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Burn Risks

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Common burn injuries by age

The primary age groups at high risk for death from burn injury are the very young (under five years of age) and the older adult (over 65 years of age). Both groups may lack the ability to escape life-threatening situations and the ability to tolerate the physical stress of post-burn injury. People of any age with a physical or mental impairment are also at risk.

Infants, Toddlers and Pre-Schoolers

High incidence of scald injuries at home

  • 75% of all scald injuries to infants and toddlers could be prevented.
  • Most burn victims injured by hot liquids (water, grease, etc.) are children under three years of age.
  • Most likely areas of the house for injury to take place: kitchen, bathroom, bedroom.
RoomHazardPrevention Strategy
KitchenCooking food on stove topTurn pot handles inward so children can’t pull them down
Dangling cords on small appliancesReplace long cords with short ones. Keep appliances toward the back of counter tops. Keep cords coiled and away from the front of counters.
Unattended hot liquids/foodNever leave hot liquids or food unattended where it can be pulled down by a toddler or young child.
Handling hot liquids/foodChildren should not be allowed to pour or handle hot liquids or food.
Holding infants while drinking/pouring hot liquidsKeep children at a safe distance while pouring or drinking hot liquids – grabbing action starts at an early age.
Child underfoot during meal preparation timePlace child in high chair, crib, playpen or other secure location while preparing food. Rushing while handling hot liquids and food is dangerous with a toddler underfoot.
Serving hot foods with the child seated at the table.Seat a child at the dining table only after all the food has been served onto plates and his/her plate has set long enough to cool. Place plates with hot food for older family members out of the child’s reach.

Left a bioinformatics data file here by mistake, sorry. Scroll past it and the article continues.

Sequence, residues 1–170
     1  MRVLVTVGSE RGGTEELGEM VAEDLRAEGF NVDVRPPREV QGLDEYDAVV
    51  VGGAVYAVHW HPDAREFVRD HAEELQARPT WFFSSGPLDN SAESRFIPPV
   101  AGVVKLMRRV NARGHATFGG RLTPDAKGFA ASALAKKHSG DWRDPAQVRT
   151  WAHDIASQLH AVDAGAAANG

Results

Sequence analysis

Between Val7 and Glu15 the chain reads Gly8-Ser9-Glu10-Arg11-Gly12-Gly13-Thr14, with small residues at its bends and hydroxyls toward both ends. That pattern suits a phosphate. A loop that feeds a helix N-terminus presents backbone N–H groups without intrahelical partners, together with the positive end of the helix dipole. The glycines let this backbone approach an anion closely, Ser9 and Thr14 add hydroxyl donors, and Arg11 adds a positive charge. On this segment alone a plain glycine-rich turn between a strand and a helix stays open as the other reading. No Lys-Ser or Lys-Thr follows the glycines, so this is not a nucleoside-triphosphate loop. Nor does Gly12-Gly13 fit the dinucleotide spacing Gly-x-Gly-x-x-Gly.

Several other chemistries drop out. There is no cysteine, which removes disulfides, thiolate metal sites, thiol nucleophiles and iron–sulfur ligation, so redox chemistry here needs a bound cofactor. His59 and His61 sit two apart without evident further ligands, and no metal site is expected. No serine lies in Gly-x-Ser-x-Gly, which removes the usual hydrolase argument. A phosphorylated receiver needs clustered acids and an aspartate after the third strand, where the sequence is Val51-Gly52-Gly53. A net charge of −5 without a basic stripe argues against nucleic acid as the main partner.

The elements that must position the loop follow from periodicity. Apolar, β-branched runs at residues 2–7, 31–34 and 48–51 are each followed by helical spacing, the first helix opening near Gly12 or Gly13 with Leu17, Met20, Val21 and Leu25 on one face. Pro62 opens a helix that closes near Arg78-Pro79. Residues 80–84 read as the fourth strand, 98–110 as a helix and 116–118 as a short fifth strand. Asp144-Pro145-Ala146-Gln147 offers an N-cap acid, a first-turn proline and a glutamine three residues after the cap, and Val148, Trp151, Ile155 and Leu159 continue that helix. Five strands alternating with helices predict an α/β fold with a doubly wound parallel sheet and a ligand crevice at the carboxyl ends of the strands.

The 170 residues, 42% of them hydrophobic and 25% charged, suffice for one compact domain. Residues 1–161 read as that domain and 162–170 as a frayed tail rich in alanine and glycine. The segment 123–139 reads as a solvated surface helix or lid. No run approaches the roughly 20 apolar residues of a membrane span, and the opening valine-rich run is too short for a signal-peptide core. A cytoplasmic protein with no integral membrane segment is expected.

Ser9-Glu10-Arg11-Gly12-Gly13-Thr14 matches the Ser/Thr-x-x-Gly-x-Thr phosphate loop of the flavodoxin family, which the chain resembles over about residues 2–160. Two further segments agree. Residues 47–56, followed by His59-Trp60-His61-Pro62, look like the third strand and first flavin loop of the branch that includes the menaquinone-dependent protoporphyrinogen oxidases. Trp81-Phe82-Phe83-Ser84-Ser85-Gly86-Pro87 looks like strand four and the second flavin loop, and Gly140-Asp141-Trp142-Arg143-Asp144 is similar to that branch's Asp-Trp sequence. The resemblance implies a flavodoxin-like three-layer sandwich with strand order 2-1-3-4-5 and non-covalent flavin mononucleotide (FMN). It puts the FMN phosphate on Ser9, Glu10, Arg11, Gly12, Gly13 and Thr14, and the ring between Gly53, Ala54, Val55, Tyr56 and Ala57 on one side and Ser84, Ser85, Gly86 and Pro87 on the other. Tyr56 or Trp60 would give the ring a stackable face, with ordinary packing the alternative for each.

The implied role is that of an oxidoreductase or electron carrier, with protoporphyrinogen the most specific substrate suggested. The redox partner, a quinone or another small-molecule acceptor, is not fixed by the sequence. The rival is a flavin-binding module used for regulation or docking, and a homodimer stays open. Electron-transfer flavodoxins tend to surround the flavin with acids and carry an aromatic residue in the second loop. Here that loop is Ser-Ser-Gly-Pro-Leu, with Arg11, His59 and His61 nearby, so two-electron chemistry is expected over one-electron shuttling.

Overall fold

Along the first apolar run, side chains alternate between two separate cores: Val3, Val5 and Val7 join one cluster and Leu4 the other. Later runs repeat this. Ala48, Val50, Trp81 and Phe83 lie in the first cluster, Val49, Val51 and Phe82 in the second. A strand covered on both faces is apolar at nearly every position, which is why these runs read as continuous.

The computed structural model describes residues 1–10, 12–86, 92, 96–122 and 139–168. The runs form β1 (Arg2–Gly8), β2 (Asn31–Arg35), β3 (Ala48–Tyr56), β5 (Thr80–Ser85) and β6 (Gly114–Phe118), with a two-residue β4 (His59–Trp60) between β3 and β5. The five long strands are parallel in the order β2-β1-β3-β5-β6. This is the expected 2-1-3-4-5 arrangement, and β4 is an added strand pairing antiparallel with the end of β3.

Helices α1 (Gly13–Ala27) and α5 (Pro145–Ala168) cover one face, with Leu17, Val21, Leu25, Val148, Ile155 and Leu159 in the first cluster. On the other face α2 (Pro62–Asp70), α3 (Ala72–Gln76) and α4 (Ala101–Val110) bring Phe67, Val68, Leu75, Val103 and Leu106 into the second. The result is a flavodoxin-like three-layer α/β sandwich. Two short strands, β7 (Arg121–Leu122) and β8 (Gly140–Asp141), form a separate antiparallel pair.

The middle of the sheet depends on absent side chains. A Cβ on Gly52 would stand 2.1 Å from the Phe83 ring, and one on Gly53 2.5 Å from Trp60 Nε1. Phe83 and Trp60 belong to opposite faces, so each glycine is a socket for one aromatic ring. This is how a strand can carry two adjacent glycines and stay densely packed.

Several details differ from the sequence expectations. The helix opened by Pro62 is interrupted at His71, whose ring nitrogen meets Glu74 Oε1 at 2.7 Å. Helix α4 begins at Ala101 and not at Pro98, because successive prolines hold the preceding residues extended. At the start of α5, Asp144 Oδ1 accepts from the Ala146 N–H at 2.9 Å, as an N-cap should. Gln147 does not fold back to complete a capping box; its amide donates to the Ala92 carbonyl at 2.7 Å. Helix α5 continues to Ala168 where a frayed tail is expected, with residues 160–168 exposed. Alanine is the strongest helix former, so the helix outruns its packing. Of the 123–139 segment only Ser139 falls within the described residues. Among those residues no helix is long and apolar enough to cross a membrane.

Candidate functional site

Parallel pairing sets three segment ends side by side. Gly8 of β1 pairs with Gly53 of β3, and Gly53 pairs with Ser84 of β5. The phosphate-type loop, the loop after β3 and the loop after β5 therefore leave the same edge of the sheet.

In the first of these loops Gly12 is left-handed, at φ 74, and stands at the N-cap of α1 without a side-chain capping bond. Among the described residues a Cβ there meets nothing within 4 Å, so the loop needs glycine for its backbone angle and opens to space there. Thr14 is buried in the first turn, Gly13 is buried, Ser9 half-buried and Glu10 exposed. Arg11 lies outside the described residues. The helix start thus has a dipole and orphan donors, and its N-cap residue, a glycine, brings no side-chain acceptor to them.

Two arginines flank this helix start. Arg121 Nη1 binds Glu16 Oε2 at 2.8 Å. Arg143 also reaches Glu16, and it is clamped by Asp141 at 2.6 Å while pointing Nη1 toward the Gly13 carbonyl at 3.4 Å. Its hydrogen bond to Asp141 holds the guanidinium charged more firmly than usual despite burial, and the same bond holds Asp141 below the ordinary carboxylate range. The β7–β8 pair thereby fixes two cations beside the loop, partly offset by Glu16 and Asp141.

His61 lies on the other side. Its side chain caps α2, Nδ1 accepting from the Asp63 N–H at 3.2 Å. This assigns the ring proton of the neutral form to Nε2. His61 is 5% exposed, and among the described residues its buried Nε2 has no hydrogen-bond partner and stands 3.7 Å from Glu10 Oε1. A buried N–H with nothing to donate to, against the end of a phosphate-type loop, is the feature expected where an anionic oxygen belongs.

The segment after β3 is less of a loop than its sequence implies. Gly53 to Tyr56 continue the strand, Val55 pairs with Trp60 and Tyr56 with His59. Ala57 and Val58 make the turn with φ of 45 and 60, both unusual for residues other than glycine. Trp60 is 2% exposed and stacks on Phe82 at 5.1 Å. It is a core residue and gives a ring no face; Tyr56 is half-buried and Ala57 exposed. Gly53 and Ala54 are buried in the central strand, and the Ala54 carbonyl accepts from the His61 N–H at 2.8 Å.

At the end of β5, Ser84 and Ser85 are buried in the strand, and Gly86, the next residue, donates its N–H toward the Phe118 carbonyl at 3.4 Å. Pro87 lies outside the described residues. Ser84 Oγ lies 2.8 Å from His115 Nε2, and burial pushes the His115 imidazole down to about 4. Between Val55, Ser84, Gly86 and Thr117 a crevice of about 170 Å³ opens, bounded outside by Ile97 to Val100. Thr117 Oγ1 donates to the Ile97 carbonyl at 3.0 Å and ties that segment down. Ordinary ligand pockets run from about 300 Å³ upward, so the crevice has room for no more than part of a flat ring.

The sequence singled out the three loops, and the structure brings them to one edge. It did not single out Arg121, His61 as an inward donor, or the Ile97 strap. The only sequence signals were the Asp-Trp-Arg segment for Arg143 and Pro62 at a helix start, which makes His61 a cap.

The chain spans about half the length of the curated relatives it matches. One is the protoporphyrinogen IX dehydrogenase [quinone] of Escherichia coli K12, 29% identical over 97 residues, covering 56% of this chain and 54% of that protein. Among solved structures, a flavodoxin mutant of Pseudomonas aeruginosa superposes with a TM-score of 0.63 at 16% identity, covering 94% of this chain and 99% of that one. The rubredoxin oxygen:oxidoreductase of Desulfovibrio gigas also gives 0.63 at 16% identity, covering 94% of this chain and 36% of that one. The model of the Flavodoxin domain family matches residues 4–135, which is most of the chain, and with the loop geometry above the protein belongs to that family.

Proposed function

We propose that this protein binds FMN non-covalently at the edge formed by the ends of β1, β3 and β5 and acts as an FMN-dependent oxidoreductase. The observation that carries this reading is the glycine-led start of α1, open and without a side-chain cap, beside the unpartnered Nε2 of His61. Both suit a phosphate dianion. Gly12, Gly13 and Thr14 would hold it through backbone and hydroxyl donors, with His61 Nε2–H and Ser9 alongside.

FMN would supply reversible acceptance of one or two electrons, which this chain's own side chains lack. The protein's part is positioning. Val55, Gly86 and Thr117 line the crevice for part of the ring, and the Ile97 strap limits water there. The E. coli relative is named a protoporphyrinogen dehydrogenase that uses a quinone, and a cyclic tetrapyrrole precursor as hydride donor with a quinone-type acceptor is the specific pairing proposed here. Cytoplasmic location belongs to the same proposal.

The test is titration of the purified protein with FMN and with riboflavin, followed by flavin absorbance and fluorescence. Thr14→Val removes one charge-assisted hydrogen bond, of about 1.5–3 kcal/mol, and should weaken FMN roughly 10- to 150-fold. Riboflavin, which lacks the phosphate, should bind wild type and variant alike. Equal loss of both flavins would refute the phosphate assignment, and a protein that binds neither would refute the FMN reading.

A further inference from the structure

Child left unattended in the room with food cookingNever leave young children unattended, especially in an area where food is being prepared.
Microwave cookingBe certain that foods and liquids are sufficiently cooled (inside and out) before giving them to a young child. Stir thoroughly before serving. NEVER heat baby bottles in the microwave.
Hot appliancesPrevent contact burns – keep hot appliances away from the child’s reach.
Storage above stoveNever store food above the stove. Your child may climb or reach over stove when it is on or still hot.
Baby walkersNever put your infant in a baby walker in the kitchen.
BathroomHot water (sink/tub/shower)

Dial down hot water thermostats to 120 degrees F or less (temperatures over 140 degrees F can cause serious burn injury in seconds!) Recommended temperature for a young child’s bath water is 90 – 102 degrees F.

Bath time is not play time and the bath area is not a play area. Do not leave a young child alone in the bathroom. If the telephone rings, let the answering machine pick up the call. If you don’t have an answering machine, the person will call back if it was important. If someone knocks on the door and there is no one else to answer, take the child with you.

When preparing a bath for your child, run cold water into the tub FIRST, and then add hot water to the desired temperature. Test bath water by the feel of your hand, or use a child’s waterproof thermometer, before placing the child in the tub. Face children away from the faucet in the tub to reduce the chance of them turning on the hot water.

Clearly mark the HOT and COLD water settings of single valve units (mixing valves) to avoid choosing the wrong setting.